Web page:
About Jackson Hole
Jackson Hole has long been synonymous with unbridled passion and innovative exclusivity. The valley is an extraordinary landscape, situated between the spectacular mountain peaks of the Grand Teton and Yellowstone National Parks. It is recognized as one of the most breathtaking natural environments anywhere in the world and draws visitors year-round. Whatever your passion, whatever adventure you can imagine, Jackson Hole provides the opportunity and inspiration to pursue it.
Skiing in Jackson Hole is world class, and its dramatic and challenging resort is widely considered to be America’s best for first class skiers. The summer months are equally as appealing, with discerning American families having retreated to the region for generations to spend their vacations fishing, hiking, golfing, biking, horse riding, exploring, and enjoying countless pastimes associated with a life less ordinary.
With over 2.6 million acres of public land, development in Teton County is naturally exclusive – indeed, Teton County is the wealthiest per capita county in the nation. Only 3% of land is available for private ownership, preserving the pristine wilderness that has come to define Jackson Hole – including not only Yellowstone and Grand Teton National Parks, but also the Bridger-Teton National Forest, among others.
Investing in Jackson Hole means investing in that wilderness, claiming unimaginable swathes of untouched land as your backyard. It means prime access to the best skiing and fishing in the world. It means golfing in the shadow of the Tetons and looking out from the 18th hole towards Sleeping Indian. It means kayaking, climbing, skiing, snowshoeing, hiking, biking, and ending your day in front of a warm fire with an unrivaled view of America’s playground from your living room window.
In addition to its wonderful natural environs, Wyoming offers an additional man-made incentive – it is America’s most tax friendly state. Wyoming has no state tax on personal or corporate income, low property taxes, and no real estate sales tax, inheritance tax, or estate tax, making it an ideal environment in which to invest and reside. Please click here for additional information.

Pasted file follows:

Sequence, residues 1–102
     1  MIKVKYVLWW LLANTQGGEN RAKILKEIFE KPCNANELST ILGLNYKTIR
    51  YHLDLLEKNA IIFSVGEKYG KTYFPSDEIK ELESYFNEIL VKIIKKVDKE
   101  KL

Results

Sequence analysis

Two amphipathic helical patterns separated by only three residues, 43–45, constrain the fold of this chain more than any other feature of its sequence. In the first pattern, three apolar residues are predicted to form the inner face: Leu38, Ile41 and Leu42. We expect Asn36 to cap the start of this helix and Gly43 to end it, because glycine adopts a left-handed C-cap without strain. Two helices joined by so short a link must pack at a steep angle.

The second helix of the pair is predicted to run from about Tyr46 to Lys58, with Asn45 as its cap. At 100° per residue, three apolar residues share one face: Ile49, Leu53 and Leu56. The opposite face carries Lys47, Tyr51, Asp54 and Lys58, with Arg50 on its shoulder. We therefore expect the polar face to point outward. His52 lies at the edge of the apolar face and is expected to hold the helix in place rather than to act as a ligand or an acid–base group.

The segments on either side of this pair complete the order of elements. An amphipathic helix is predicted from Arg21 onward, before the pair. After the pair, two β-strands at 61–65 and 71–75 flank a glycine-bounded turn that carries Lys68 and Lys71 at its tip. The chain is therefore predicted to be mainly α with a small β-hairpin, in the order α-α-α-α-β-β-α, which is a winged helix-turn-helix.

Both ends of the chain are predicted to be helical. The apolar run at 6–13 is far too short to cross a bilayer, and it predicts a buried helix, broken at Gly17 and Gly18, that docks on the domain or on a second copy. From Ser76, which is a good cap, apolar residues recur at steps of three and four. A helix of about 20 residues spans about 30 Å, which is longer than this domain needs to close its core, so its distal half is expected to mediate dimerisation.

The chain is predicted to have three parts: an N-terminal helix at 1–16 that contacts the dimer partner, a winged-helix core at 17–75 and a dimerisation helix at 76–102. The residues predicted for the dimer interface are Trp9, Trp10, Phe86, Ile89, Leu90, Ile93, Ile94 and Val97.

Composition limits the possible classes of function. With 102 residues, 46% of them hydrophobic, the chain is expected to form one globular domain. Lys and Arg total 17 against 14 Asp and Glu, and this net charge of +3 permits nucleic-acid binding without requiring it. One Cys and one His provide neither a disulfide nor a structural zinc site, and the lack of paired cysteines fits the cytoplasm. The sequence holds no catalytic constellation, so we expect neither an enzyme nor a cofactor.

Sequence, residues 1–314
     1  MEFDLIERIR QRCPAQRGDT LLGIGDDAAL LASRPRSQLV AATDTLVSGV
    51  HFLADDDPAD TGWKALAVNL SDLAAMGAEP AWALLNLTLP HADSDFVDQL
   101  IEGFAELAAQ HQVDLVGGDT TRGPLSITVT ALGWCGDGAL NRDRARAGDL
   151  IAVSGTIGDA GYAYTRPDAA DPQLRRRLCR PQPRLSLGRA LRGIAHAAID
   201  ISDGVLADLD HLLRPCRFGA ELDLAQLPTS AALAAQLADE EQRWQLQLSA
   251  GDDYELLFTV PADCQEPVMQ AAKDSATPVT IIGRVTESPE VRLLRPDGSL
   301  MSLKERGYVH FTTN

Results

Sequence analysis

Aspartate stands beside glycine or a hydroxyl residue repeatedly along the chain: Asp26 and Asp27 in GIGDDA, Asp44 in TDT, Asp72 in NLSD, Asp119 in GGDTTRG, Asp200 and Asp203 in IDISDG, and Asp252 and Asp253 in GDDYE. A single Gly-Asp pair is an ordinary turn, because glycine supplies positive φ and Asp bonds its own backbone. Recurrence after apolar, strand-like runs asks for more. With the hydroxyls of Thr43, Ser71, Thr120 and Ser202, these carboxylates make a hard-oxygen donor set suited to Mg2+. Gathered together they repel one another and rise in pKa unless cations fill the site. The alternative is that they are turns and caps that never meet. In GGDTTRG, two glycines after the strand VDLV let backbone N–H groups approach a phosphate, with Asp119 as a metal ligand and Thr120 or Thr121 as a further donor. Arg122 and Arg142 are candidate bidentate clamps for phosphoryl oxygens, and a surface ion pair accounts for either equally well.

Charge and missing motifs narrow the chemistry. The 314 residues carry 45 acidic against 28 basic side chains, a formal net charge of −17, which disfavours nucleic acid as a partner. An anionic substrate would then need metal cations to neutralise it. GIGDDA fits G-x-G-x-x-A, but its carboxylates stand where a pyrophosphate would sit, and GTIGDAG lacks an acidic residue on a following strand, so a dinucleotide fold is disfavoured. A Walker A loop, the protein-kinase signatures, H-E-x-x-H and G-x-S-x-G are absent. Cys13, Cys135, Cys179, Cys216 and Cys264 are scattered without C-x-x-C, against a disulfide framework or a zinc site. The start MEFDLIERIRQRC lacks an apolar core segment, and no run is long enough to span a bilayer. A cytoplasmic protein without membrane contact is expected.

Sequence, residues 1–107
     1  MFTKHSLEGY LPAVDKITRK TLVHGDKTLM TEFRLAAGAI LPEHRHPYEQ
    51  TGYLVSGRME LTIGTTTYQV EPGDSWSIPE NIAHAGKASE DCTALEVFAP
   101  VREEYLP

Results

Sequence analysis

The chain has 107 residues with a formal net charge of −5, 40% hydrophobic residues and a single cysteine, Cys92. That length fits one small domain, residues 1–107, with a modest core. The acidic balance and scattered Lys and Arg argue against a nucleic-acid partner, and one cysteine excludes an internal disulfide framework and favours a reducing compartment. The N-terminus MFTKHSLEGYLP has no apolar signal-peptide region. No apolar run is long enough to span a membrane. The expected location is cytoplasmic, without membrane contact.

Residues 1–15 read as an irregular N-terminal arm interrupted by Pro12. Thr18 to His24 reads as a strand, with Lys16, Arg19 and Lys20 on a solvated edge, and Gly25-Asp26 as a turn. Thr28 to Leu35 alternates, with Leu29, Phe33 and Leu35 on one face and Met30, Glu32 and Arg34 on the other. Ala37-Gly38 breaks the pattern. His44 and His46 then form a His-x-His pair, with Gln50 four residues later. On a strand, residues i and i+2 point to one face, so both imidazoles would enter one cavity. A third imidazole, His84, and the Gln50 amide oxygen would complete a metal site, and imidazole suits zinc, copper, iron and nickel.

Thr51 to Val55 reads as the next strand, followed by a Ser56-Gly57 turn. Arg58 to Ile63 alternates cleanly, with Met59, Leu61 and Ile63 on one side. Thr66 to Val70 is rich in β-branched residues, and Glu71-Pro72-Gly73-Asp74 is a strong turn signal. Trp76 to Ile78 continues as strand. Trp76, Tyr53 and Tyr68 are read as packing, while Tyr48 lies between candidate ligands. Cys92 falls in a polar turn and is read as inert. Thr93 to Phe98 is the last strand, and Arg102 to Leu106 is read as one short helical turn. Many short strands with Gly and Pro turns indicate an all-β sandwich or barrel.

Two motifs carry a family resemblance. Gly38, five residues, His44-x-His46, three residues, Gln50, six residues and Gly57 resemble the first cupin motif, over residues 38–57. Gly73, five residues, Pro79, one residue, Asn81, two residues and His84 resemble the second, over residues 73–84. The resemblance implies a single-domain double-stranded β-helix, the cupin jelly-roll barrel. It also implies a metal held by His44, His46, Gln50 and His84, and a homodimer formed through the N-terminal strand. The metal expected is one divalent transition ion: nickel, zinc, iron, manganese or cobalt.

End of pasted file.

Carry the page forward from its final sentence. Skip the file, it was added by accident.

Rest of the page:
Originally established by President Calvin Coolidge in 1929, the park was expanded in 1950, thanks in large part to a donation made by John D. Rockefeller. Currently home to bald eagles, black and grizzly bears, bighorn sheep, mountain goats, elk, moose, grey wolves, and the second largest unfenced bison herd in the US, Grand Teton National Park presents unrivaled opportunities for wildlife enthusiasts. The National Elk Refuge, located between Jackson and the Jackson Hole Airport, supports the largest elk herd in the country and represents the conservation thread apparent throughout Jackson’s history. Intentional, sustained stewardship has brought many wildlife populations back from the brink of extinction, and now traffic jams due to moose, bison, and bears are fairly frequent.
Teton County is also home to Yellowstone National Park, located less than 60 miles north of the town of Jackson. Established in 1872 by President Ulysses S. Grant, Yellowstone is the oldest national park in the world. While it faced local opposition at the time, the park is now central to the enjoyment and economy of Jackson. Yellowstone boasts over 1,000 archeological sites, representing a rich human history of habitation and exploration. The Yellowstone Plateau is cradled on all sides by mountain ranges, and the park contains the headwaters of both the Yellowstone River and the Snake River, which runs through the valley of Jackson Hole on its way to the Pacific. The park presents visitors with unparalleled geological diversity, including active geysers, waterfalls, rivers and lakes, forests and grasslands, mountains and deep canyons, as well as an extraordinary range of flora and fauna.
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